Technology-Mediated Musical Accompaniment: A Post-Production Analysis of Timbral Change with Virtual Instruments and Attentive Mixing

March 20, 2017


This paper details a practice-led, reflective study rearranging a studio jazz trio recording into a new, hybrid-ensemble piece with sample-based instruments and sound libraries. How do digital audio workstations affect the creative and technical decisions of a live trio recording? How might a listener perceive these changes? What roles do the sound engineer and arranger have in creative decision-making? The study investigated how using contemporary recording software changed the perceived timbre of an unreleased jazz trio recording from 2007 through technology-mediated production and thoughtful arranging. Results of the study suggest that by employing a modest and conservative approach, virtual instruments can support the timbral qualities of an existing jazz recording, provided they remain unobtrusive. The paper considers issues of realism, authenticity, and professional best practices concerning scoring and mixing. Finally, the author explores the philosophical implications of technology-based composition and arranging on creative music making from the production and engineering perspectives, and how these issues affect music industry and technology related coursework.


This article examines a reflective case study involving the creation of a new accompaniment part for an unreleased jazz trio recording called “Sanctuary”. Nearly five years passed between the original session and the new creation—a composite of the original recording and new software-based virtual instruments in a digital audio workstation (DAW).

Recording studios and music production software affect jazz performance and composition. Similarly, how a composer uses software-based sample libraries to create a sense of realism remains subjective, largely determined by the intended use of the underscore. Is the music intended to enhance a visual image? Will the score be professionally synched to a film or a game? How do these issues play out in commercial music and higher education settings? By drawing on writings by Berliner (1994), Born (2005), Eno (2004), Frith and Zagorski-Thomas (2012) and Monson (1996), the perceived influence of recording spaces and technology on creative praxis and the aural experience becomes clearer. Drawing from existing musicology-related scholarship on record production and music technology enables researchers to draw conclusions about how the “studio” influences creativity and pedagogy.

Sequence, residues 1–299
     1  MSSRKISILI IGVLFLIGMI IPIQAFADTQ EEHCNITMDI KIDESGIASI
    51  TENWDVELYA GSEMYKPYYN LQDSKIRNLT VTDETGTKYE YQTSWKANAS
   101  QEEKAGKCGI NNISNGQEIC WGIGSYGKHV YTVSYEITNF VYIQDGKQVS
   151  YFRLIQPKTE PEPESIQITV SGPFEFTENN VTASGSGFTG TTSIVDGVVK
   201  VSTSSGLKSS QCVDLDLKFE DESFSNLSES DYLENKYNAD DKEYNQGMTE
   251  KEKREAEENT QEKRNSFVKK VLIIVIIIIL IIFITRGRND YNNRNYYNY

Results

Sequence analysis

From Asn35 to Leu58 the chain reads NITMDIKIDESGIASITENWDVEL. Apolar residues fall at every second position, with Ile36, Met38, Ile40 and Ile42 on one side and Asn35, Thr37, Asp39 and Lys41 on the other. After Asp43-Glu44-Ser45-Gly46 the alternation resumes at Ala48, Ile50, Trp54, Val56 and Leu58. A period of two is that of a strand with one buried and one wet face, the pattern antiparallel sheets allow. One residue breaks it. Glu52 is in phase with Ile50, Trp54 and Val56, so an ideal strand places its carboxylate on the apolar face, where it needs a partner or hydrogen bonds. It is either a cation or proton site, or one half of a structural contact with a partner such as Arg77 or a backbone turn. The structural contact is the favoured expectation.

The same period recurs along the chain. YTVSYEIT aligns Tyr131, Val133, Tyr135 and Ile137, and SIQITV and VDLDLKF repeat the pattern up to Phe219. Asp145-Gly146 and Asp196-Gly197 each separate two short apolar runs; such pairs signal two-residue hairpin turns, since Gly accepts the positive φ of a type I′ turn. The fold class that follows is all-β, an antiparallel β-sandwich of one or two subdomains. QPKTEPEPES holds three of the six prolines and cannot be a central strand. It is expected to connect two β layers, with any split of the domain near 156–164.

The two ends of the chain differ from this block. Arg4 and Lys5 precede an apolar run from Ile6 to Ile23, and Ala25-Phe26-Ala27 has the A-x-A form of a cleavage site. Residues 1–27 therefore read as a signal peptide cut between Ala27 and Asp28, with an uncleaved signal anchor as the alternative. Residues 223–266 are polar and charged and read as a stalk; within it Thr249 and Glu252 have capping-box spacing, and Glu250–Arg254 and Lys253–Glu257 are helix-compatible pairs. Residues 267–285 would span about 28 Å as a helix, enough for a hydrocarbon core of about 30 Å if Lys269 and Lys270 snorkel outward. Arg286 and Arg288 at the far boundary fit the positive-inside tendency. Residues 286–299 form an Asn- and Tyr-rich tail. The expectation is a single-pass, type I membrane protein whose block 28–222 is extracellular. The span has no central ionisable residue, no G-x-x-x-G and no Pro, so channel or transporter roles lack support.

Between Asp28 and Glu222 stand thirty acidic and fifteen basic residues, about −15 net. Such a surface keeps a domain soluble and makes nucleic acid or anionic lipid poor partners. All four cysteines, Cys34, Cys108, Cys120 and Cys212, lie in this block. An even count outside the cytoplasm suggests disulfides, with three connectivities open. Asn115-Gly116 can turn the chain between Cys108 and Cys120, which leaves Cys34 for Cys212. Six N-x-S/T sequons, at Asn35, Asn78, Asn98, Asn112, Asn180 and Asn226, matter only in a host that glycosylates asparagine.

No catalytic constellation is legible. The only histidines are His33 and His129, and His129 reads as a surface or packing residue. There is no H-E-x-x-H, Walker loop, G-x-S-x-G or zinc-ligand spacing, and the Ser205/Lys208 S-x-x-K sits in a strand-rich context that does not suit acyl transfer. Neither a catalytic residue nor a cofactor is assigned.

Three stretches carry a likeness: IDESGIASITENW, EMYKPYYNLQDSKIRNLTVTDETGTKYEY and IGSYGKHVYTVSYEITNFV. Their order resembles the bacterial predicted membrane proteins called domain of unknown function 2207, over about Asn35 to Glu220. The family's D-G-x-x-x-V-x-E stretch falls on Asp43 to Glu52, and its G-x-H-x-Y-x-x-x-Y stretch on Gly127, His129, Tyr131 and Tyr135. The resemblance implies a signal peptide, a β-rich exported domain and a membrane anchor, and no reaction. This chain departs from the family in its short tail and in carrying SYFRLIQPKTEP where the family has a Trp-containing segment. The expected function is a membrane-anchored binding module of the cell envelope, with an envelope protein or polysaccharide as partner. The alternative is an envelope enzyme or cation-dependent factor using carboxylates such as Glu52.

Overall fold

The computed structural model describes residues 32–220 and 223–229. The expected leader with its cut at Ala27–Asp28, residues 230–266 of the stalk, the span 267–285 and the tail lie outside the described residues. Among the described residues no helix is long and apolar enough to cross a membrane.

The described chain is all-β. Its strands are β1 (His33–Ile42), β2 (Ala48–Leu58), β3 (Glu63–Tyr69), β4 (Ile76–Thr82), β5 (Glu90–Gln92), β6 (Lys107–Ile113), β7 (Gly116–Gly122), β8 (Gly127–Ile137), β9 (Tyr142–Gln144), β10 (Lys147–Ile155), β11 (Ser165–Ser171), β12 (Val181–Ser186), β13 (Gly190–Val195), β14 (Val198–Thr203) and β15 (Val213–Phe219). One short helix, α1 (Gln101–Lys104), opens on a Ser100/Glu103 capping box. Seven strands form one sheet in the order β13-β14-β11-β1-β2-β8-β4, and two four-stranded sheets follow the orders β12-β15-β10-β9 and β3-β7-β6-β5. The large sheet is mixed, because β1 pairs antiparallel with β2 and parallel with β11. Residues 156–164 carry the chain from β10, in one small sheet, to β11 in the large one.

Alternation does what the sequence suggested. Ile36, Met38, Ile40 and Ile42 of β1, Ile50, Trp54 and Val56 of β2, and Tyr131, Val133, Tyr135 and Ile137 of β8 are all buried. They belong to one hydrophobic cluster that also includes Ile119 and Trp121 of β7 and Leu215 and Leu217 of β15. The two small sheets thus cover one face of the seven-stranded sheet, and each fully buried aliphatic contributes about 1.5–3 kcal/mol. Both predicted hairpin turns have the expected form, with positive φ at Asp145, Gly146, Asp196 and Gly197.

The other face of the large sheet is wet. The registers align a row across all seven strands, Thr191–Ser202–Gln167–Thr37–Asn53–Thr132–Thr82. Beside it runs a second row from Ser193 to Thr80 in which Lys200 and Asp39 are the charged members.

Semi-structured and emailed interviews conducted with the sound engineer between September 2014 and July 2015 offer insights concerning the original recording space. The technical summary is covered in detail in the Recording Information and Production Analysis section. The Discussion section contextualizes the project’s technology-centered production approaches, ethical considerations, and offers further interview analyses and study limitations. Although the context presented here takes place in a jazz setting, the concepts remain applicable to all styles of contemporary music. Additionally, the concepts outlined throughout aim to be helpful regardless of stylistic preferences and specific instrumentation.

Conceiving technology-mediated accompaniment parts for “Sanctuary” not only fulfilled a practical need (in this case creating underscore music)—it also brought up the practical issues of using modern technology to resurrect an unreleased jazz trio recording. The following three research questions became apparent:

  • RQ1: Would the timbral experience of this jazz recording change by adding virtual instruments?
  • RQ2: Following established scoring, arranging, and mixing procedures, how might the new MIDI-based accompaniment change the listener’s experience?